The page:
But if an older developer eventually leaves a company without updated code, it degrades the quality of the code for the incoming developers and "it's not a solid way to run your company," said Jim Skidmore, CRO at AppGaurd, in an interview with CIO Dive.
A developer's foundational skills vary depending on their means of education. If a student pursues a formal, academic route, it is common to see a foundation in .NET languages like Visual Basic .NET (VB.NET), according to Hammond. In high schools and some universities, students are taught more dynamic languages, including Java.
Eventually, the languages set as a foundation for future code are relegated to just that, a foundation. However, having languages that are "more of a learning language than a doing language" is common for aspiring developers to learn, according to Hammond.
As for the current status of the coding workforce, "we are certainly seeing young people developers and newer developers [that] tend to be much more comfortable with dynamic languages and even use them as a first resort," said Hammond, despite most companies running static languages like Java, .NET, C# or VB.NET.
This is in part due to the "nature of programming metaphors that languages have 20 or 30 years ago," according to Hammond. Static functional languages like Assembler, ForTran or C were used before object orientation was introduced through Java, .NET and C++, and those newer languages then signified a "conceptual change" for developers until around the mid-early 2000s.
There will always be a place for developers educated in either static or dynamic languages. Though the emerging trend is to be a connoisseur in both the front and backend, the "full-stack developer" is simply too much of a "heavy lift," according to Hammond.
Instead, developers should examine where they feel most creative and in tune with their craft so that both the front and backend of technologies can work together seamlessly.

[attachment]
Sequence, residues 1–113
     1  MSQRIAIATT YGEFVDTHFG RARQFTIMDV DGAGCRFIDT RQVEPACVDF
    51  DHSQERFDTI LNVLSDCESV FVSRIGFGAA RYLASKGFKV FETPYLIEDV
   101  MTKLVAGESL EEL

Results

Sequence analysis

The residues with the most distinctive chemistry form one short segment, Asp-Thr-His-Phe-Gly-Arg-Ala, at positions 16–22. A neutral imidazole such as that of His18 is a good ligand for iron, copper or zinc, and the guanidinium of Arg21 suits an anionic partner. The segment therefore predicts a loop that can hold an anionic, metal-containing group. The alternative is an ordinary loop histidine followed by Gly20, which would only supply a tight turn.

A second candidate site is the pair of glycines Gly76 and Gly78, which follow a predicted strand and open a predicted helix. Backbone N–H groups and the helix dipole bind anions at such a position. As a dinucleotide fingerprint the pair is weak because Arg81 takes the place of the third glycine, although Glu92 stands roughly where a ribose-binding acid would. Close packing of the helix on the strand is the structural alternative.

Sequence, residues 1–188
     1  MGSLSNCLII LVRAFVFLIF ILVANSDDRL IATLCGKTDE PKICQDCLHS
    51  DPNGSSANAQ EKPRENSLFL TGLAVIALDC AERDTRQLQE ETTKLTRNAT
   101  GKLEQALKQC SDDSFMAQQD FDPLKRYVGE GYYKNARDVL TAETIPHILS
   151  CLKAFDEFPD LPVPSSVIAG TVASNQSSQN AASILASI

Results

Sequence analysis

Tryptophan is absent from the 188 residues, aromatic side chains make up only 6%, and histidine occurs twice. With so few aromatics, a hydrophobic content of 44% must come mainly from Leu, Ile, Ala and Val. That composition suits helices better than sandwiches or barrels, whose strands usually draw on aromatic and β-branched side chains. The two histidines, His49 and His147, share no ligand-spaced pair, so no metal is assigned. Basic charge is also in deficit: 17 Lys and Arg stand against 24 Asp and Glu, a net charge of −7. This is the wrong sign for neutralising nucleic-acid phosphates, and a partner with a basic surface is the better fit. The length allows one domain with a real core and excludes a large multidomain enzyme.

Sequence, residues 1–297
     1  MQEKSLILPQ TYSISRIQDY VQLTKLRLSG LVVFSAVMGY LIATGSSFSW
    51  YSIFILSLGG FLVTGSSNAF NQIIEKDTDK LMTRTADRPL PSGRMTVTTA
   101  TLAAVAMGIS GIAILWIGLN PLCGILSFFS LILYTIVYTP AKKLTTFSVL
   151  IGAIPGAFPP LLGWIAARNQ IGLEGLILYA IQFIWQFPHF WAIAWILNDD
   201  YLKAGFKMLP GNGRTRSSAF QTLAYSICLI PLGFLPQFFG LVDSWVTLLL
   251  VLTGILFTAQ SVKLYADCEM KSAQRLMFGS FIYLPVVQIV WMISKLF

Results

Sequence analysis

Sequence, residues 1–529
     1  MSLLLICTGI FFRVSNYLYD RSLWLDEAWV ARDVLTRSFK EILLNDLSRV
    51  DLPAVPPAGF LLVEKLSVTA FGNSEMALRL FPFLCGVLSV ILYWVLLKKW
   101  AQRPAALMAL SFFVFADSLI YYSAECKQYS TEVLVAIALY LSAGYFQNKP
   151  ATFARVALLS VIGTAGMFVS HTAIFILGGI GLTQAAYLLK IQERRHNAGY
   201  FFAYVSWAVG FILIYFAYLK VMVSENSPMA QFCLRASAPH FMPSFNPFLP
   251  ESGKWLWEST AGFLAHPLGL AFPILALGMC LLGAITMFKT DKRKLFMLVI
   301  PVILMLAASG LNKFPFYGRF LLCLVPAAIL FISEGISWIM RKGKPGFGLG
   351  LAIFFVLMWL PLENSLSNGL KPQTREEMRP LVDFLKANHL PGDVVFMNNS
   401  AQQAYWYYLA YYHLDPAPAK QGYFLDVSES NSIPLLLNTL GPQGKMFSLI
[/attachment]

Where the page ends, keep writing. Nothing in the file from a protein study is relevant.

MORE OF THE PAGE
If nothing else prompts the migration to new code, maybe security will
Companies less than enthusiastic to update programs are sure to be labeled "digital laggards," which carries more implications than just outdated code. Security falls by the wayside when programs are left outdated.
To mitigate risk, organizations need to "triage" their existing technologies to better understand where and how optimizations should be directed, according to Hammond.
"If they are critical to the business, they help differentiate the business and they are well-written, then you need to modernize them," said Hammond. "If they are critical to the business [but] they're not well-written, they have security errors or there are lots of defects, then you need to rewrite them using modern languages and modern frameworks."
But if an existing program neither serves the business or is well-written, IT departments are recommended to replace them altogether with packaged software, third party services or just shut them down.
Third party applications tend to be stronger and can introduce a company to an API-based economy, according to Skidmore. For example, those embracing SAP with APIs "build like a receptacle for you to plug into."